Building a new support network

From sharing an office with the now Drs Ewbank, Tonkiss and Matharu during my PhD to sitting in an office of my own, there was a strong need to find people to bounce ideas off for the sake of sanity, creativity and development. Whilst I have great contacts within my department at Brookes and back to INLOGOV, I have made a conscious effort to build contacts with academics both locally in Bristol and across a number of disciplines (Law, Political Science and Public Policy). This has been an element which has proved really important in helping build both my confidence and helping me develop my network further. I am very fortunate to count a number of non-Brookes colleagues as critical friends, whether I met them at conferences, at policy events, job interviews or just through a tentative email. From these connections I may hear about conferences, funding calls, potential jobs, as well as the potential to develop collaborative research proposals. As an early career researcher there is something hugely valuable about having an experienced friend to answer career advice questions or get some comments back on a paper. Of course it works both ways, for them too there is an opportunity to bounce an idea around or sketch out a research paper. The investment of time and opportunism in making contact has been immensely rewarded and to each of these friends I am hugely grateful.

Coming out of the PhD there is a big new challenging environment, in aiming to carve out my place in this environment the challenges laid out have been diverse, to adapt to new contexts and working environments, to build collaboration and capacity, and to adapt to address fast moving research agendas. Whilst it’s clear that to progress you need first authored publications and being principal investigator on bids there are many challenges and opportunities which can help you get there. My research now sits broadly under the theme of public governance, representation and accountability, my current funded research project is exploring the how public sector non executive directors consider their role, representation and accountability. A strong conceptual and methodological thread remains from my time at INLOGOV and it’s around this thread my research is developing. My development is as much due to others as to myself. I have learned that the benefit from continuing to expand your network is crucial and makes any future achievements both more manageable and more likely.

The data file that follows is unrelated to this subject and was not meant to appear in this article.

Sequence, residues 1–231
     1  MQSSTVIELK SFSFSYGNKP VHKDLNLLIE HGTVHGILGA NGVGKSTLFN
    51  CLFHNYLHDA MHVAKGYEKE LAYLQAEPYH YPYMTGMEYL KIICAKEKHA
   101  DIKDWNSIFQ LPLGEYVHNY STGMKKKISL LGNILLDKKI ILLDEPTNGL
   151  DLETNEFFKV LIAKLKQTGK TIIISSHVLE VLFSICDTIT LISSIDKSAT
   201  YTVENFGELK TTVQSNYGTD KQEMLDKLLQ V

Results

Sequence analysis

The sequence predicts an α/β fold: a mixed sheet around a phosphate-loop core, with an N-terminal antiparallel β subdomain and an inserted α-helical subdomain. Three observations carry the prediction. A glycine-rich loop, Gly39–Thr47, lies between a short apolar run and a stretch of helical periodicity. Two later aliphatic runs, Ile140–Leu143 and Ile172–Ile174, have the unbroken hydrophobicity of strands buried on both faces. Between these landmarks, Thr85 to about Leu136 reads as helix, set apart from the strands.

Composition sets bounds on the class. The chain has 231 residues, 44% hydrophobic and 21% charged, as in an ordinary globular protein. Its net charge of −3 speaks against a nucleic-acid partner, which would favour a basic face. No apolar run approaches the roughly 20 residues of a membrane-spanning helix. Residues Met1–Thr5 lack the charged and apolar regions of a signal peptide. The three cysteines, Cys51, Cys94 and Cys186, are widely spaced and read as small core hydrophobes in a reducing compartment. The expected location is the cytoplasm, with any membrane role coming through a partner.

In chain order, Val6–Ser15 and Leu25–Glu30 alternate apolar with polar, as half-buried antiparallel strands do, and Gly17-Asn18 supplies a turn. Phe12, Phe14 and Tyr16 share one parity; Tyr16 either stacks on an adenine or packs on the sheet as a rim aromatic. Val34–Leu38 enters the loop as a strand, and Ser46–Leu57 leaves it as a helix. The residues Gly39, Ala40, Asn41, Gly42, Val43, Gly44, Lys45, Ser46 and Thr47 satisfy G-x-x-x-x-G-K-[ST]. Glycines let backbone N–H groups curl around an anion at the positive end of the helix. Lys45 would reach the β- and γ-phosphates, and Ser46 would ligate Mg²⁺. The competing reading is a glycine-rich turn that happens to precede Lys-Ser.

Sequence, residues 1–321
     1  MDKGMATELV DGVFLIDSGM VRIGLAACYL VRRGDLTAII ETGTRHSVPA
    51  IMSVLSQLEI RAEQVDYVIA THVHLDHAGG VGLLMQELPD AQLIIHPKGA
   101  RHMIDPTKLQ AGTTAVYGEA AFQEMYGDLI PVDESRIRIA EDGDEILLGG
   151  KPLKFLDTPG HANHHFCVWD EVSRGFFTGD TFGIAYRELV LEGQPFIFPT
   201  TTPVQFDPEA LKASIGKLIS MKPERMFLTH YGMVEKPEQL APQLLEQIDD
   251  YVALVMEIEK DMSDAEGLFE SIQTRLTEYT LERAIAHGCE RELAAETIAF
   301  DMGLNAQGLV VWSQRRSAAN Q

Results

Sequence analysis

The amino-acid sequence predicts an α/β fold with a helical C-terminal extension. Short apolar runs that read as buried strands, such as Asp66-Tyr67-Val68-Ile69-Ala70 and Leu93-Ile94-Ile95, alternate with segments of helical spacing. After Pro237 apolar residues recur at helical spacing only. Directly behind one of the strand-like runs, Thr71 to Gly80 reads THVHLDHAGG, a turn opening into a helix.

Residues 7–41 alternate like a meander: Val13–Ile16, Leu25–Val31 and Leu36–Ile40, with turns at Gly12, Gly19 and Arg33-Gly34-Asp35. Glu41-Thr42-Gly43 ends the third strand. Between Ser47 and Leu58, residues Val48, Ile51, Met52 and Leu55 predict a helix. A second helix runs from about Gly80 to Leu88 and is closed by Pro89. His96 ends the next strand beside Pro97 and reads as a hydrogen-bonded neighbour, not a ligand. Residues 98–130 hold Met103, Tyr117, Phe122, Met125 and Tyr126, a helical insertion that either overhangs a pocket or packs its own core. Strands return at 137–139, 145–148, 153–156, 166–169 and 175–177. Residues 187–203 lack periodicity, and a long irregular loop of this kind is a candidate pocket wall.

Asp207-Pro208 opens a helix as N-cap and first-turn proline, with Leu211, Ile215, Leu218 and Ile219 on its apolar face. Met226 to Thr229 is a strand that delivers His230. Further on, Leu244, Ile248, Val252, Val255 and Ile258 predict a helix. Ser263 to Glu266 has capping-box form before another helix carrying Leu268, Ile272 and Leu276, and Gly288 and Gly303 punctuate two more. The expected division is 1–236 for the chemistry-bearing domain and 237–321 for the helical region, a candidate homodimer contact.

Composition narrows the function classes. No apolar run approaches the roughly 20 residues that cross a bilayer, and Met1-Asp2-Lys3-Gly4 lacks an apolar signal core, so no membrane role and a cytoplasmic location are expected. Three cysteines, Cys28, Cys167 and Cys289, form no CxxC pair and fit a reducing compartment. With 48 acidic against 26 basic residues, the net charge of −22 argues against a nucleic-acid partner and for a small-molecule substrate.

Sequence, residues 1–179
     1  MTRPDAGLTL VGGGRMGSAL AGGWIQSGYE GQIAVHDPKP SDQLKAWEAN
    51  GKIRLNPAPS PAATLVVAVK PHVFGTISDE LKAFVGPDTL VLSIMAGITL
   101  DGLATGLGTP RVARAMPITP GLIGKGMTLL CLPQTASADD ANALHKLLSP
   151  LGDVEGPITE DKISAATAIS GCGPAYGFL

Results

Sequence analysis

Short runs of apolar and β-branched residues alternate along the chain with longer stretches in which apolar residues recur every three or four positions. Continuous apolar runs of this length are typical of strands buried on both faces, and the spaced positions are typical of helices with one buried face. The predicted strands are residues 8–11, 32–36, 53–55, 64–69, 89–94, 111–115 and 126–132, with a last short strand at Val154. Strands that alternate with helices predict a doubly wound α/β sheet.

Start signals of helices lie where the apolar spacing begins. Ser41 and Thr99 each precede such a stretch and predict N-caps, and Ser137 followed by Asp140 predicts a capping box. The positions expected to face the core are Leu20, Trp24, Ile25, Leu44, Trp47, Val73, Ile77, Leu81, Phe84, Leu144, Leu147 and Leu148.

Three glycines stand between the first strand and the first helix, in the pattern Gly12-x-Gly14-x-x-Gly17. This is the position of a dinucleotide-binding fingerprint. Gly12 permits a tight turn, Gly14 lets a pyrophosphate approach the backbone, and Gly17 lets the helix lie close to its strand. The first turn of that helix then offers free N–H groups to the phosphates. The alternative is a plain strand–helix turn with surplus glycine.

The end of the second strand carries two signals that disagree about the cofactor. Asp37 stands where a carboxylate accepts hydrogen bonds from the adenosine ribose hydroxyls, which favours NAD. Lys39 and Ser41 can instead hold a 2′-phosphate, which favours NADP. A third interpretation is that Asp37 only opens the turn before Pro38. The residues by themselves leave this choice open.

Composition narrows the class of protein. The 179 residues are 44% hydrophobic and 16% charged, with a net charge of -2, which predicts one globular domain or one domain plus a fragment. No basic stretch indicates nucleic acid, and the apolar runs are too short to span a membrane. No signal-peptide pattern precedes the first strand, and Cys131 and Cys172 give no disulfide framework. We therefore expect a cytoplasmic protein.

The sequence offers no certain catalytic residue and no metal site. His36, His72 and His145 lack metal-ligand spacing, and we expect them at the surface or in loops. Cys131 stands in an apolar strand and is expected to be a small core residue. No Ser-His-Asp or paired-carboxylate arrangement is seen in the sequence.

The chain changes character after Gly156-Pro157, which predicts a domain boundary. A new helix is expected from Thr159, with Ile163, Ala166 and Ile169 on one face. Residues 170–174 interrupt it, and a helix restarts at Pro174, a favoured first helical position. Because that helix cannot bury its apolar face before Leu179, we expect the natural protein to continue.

Dr Thom Oliver is a Postdoctoral Research Fellow at Oxford Brookes Business School. He completed his PhD, exploring the representative role of councillors on appointed bodies, at INLOGOV in 2011. He currently lives in Bristol and has recently rejoined INLOGOV as an Associate. Follow his Twitter account here, and read his own blog here.

The impact factor

Katherine Tonkiss

I completed my PhD thesis in early 2012, under the joint supervision of INLOGOV and the Department of Political Science and International Studies (POLSIS). I sat my viva in April of that year and shortly afterwards was interviewed for and gained a three year research fellowship at INLOGOV, working with Professor Chris Skelcher on the Shrinking the State project. A year into the post, this is a good opportunity to reflect on that transition from PhD to post-doc research.

In many ways, working as a Research Fellow on a three year project is similar to PhD study. I am completing a research project in a specified amount of time, with parameters and methods specified in a detailed research proposal. The goal of delivering the thesis in a timely fashion is replaced by the requirement to produce a set of research outcomes with which to wow the funders on completion of the project, and of course the need to publish, publish, publish never really changes.

Yet the transition from PhD to post-doc has also presented some new opportunities and challenges. One aspect is going from sole-authored thesis-writing to team working with colleagues both on the research project and beyond. While in reality I do have quite a lot of autonomy in my current role and the majority of my time is spent working alone on specific areas of the project, this project involves working with a team of five researchers split across three Universities. This kind of collaboration is now very common in academic research – and while it is step change from PhD research, I was quite pleased to enter a more collaborative environment.